Originally posted on 23 Dec 2013

Kevin Salter wrote in IT Counts earlier this month and asked: “What will we see as the ‘next big area’ in IT for accountants…?”

He says that it is easy now to look back and see some of the ‘big areas’ that have been brought to the attention of firms in recent years.  Many firms can probably now tick off all (or at least most of the following big areas) that spring readily to mind:

cloud300·       Multiple monitors

·       Online accounting

·       Document management

·       Moving to the Cloud

·       Social Media

What is likely to be the next ‘big area’? Kevin sticks his neck out and suggest that there will be an increasing focus on email security and in particular the importance of email archiving, which is something he has introduced into his own practice.

For instance, it is incumbent on any organisation providing financial services advice via email to securely retain all email traffic – in and out – for at least 6 years. However this is good practice for any business – after all you retain copies of other correspondence in and out. An Email archive provides a complete solution to the email storage and retrieval needs which will ensure that you can meet the requirements of a growing number of regulations on email compliance, eDiscovery and other legislation.

Users may keep emails in their email system but there are potential issues – deletion – once deleted and the deleted items emptied the email is gone forever. Email archiving eliminates the need to use mailbox quotas as a way to limit the use of a mail servers’ storage capacity. Users are no longer forced to go through the time consuming process of constantly deleting ‘less important’ emails or storing them externally.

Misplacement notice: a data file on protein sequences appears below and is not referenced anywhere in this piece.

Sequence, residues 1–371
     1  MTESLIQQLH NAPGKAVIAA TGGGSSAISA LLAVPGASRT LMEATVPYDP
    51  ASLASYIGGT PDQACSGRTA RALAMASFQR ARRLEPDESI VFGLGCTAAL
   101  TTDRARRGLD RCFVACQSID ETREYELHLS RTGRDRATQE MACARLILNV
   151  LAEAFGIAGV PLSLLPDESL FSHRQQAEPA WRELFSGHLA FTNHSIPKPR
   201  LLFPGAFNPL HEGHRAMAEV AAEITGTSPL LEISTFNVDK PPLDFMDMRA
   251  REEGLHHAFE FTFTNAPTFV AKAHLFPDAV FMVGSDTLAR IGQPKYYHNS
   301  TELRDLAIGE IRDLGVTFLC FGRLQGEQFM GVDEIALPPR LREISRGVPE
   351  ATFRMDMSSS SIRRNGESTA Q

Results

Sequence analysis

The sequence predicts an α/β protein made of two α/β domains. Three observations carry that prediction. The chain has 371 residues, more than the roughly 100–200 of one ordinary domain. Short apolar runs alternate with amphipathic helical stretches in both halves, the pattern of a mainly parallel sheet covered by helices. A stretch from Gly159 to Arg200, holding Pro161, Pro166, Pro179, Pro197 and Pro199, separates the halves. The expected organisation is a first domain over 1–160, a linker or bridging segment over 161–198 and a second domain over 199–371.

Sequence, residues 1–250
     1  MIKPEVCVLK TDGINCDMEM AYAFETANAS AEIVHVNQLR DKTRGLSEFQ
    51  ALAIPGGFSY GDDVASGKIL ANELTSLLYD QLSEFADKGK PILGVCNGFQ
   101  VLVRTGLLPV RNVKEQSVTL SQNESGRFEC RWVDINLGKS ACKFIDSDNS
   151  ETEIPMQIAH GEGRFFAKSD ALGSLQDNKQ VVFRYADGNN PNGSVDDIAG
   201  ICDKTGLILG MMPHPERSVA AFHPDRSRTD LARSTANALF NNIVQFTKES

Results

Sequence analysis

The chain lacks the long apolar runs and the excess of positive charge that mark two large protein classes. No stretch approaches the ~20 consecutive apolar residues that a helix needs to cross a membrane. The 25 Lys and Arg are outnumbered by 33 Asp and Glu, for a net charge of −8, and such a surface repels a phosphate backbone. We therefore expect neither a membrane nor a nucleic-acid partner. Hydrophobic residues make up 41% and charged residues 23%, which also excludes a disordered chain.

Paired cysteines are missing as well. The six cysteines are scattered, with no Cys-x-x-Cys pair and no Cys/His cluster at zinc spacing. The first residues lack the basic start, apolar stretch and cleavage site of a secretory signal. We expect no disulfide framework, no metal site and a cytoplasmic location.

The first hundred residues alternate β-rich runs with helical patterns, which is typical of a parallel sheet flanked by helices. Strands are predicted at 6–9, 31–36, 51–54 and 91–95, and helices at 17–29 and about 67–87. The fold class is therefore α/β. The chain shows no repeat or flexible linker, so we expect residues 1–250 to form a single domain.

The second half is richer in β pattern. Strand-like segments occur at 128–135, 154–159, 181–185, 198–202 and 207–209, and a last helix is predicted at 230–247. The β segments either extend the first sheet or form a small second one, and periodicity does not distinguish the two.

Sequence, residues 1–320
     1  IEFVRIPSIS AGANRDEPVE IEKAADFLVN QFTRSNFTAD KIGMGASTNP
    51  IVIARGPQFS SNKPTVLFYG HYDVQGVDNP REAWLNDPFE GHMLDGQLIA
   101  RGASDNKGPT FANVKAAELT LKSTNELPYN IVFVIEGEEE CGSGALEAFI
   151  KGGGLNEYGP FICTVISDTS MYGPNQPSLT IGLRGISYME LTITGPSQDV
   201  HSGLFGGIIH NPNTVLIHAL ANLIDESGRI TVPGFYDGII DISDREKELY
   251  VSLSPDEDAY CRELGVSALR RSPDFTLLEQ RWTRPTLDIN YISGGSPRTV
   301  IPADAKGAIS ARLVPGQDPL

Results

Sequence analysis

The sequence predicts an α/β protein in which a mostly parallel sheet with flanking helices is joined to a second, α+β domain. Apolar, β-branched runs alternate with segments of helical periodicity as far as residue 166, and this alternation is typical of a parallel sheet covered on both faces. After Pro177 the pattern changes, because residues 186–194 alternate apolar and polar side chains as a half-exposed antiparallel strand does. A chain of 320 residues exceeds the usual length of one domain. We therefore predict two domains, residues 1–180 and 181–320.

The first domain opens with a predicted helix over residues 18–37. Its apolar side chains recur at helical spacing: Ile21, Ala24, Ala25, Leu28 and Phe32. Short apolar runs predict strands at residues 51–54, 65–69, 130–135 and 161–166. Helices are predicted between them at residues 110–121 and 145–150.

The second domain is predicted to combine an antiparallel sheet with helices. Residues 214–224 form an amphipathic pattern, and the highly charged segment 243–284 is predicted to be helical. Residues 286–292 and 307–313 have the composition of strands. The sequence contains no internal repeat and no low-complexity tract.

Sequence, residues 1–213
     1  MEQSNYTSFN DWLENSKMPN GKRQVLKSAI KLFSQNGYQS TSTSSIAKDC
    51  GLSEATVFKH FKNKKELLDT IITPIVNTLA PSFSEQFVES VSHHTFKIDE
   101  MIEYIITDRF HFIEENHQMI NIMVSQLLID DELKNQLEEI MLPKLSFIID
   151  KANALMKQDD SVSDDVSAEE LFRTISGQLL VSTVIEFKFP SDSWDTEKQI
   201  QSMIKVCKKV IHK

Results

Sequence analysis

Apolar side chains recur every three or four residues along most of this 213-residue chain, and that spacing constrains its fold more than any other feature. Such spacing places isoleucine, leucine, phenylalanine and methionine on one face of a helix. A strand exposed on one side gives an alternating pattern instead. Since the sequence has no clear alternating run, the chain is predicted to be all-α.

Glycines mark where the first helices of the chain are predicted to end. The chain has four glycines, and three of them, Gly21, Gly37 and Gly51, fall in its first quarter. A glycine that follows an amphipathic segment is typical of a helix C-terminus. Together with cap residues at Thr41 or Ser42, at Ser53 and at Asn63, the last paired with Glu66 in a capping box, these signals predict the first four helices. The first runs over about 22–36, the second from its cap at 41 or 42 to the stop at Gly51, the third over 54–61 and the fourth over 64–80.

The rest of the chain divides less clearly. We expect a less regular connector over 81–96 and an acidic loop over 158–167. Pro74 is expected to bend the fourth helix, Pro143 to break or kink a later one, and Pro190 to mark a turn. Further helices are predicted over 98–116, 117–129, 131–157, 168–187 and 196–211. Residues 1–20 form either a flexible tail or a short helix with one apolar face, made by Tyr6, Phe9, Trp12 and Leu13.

Emails are an important and very extensive knowledge resource. Email Archive enables all users to access their emails easily and extremely fast, increasing productivity within the company.
To protect valuable email information, standards have been set and government regulations enacted that require retention periods and timely response to legal and information queries. If you were asked to provide all email correspondence to/from a client in connection with a court case how time consuming would this be and could you actually do it….?

Do you agree with Kevin? If not, what do you think the next ‘big area’ will be? Let me know

Although not directly focussing on email security, I blogged on big data systems and cybersecurity earlier this month. See my blog post here.

Martin Pollins
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